Wednesday, April 19, 2006

O Brave New World of Tolerance and Diversity!

Roe Meets a Brave New World
Four months pregnant with her first child, Lisa and her husband went to her doctor for an amniocentesis, a prenatal test to determine genetic or chromosomal abnormalities.

The test results were life-altering. Lisa's son would be born with Down's syndrome. .... Lisa and her husband agonized for three days. .... In the end, they were swayed by their doctor. If they chose to birth him, the doctor warned, their son would be "their shadow for the rest of their lives." The doctor was right, Lisa told the Blitz, but not in the way she originally thought. "Our son," she said, "is still our shadow."

Is a child with Down syndrome really such a hideous tragedy? Hardly. Where is our culture of "tolerance" and "diversity" when we are encouraging women to abort babies because they'll look different and their minds will work a little differently?
Lisa's tragedy is not uncommon. She is one of thousands, possibly hundreds of thousands, of women who have had a "therapeutic" abortion.

There's a special spot in Hell for whoever coined the oxymoronic term, "therapeutic abortion." First of all, it's never therapeutic for the baby, who ends up dead. And judging from the growing Silent No More movement, a whole lot of the supposed beneficiaries don't consider it to be all that therapeutic for themselves, either.
Pro-choice advocates .... like former Surgeon General Jocelyn Elders, celebrate the new "freedom." In 1990 the Clinton-appointee praised the "important and positive public health effect" abortion had in reducing "the number of children afflicted with severe defects."

Again, there's tolerance and diversity for you. If they don't look like us, think like us, sense like us, eliminate them.
Former Washington Post reporter Patricia Bauer ... is disturbed by the eugenics-styled arguments of many pro-choice advocates. "What I don't understand,” she wrote, "is how we as a society can tacitly write off a whole group of people as having no value."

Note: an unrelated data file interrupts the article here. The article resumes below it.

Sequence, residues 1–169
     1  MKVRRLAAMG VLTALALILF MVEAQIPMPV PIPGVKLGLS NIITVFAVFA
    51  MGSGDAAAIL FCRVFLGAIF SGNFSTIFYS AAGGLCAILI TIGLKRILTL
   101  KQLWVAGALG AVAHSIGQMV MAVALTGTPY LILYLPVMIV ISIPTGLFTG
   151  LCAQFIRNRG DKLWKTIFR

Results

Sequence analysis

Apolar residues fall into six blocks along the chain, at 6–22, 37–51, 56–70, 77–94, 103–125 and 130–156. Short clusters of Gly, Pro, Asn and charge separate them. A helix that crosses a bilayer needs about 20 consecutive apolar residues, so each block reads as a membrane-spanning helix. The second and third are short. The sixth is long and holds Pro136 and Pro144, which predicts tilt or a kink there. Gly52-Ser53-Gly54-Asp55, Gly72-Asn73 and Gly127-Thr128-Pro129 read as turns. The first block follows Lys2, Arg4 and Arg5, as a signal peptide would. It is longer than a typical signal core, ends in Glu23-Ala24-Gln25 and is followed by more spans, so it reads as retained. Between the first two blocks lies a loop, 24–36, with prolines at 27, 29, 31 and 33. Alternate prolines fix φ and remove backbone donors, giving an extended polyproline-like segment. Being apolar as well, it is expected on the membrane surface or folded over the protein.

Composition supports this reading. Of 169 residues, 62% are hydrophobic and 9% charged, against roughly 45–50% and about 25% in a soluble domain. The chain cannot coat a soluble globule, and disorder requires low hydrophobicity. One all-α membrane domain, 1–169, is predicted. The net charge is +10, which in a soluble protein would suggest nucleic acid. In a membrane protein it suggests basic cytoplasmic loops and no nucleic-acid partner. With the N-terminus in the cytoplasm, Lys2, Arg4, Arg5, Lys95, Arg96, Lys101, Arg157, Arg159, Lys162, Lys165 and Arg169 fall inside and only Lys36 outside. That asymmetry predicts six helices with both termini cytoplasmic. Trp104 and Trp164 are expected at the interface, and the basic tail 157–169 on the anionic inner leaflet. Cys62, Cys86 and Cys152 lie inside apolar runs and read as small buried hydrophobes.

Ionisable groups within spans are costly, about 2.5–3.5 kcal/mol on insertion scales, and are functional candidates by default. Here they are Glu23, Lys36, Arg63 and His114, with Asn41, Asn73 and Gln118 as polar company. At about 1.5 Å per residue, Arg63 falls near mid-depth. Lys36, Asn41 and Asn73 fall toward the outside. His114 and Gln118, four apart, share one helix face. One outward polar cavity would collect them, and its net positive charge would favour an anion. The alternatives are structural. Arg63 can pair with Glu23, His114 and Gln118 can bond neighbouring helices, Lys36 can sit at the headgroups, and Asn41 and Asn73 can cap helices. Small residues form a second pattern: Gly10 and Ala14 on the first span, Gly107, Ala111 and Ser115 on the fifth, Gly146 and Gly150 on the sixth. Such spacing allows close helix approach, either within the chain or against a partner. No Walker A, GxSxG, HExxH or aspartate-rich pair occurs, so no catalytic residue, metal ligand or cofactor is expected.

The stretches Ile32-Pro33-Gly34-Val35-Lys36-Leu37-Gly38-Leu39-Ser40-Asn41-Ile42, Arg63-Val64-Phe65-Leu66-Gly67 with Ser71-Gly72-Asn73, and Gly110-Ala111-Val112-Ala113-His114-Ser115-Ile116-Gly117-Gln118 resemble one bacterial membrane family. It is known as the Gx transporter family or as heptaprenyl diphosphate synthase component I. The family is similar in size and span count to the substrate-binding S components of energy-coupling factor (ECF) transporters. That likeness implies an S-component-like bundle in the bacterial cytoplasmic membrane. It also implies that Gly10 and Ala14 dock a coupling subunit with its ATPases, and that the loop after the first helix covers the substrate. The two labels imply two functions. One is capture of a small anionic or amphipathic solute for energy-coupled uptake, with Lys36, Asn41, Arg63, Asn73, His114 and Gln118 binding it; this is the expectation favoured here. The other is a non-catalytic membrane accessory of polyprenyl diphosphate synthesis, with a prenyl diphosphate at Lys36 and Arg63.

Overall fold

It's "tolerance" and "diversity" in action, Patricia! Your daughter is a tad too diverse for some people's liking.
A report from Boston’s Brigham and Women’s Hospital revealed over 80 percent of pre-natal diagnoses of Down’s syndrome led to the termination of the pregnancy. That’s not much less than a 1991 study of 14 hospitals in southeastern states. Researchers in that study concluded that such pregnancies were terminated 90 percent of the time.

Tolerance and diversity. If you won't meet our criteria for "normalcy," you must be eliminated.
Bauer .... relayed the story of an Ivy League ethics professor who, while seated next to her at a dinner party, opined that it was "immoral" not to terminate children pre-natally diagnosed with disabilities.

Tolerance and diversity. If you won't meet our criteria for "normalcy," you must be eliminated.
People with Down's syndrome are now living independently.... A primer from the National Institute of Child Health and Human Development notes that people with Down’s syndrome are now living "fuller, richer lives than ever before as family members and contributors to their community."

Nevertheless, it asks too much of the "tolerant" to have them wandering about at large.
Meanwhile, waiting lists for adoptions of children with Down's syndrome continue to grow. As reported by the Associated Press in early February, it takes interested couples up to three years to adopt a child with Down's syndrome.

I wonder how many women facing a prenatal diagnosis of Down syndrome are told this? I'd bet that it's hovering at around 0%.
Though there are no national statistics available, the Down Syndrome Association of Cincinnati might serve as a sample case. Started in 1983, the DSAC placed three children with Down’s syndrome with new families in its first year. Today, they place three to five children a week.

Are women told this when considering aborting a child with Down syndrome?
It is things like these that give hope to Lisa. As society seems to inch closer towards acceptance of "therapeutic" abortion, these small groups are fighting back in their own small ways. Lisa does her part to help, offering testimonials on pro-life websites and spreading information to mothers in the same confusing situation she found herself in eleven years ago.

In the end, she told the Blitz, she has just one goal for her activities. "Honor my son," she said. "Just honor my son."

And maybe, just maybe, the proponents of "tolerance," "diversity," and "choice" will start to listen to women like Lisa, and to people with disabilities who are sick to death of getting lip service given to how much they have to contribute by a society that advocates weeding them out in the womb.

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